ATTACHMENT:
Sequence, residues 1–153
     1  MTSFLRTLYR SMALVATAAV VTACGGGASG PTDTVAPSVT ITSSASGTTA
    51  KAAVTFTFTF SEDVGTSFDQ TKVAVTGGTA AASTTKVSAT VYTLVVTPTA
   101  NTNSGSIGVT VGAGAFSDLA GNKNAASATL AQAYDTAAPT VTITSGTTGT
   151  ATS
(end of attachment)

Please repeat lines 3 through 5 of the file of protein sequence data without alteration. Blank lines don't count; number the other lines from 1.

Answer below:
    51  KAAVTFTFTF SEDVGTSFDQ TKVAVTGGTA AASTTKVSAT VYTLVVTPTA
   101  NTNSGSIGVT VGAGAFSDLA GNKNAASATL AQAYDTAAPT VTITSGTTGT
   151  ATS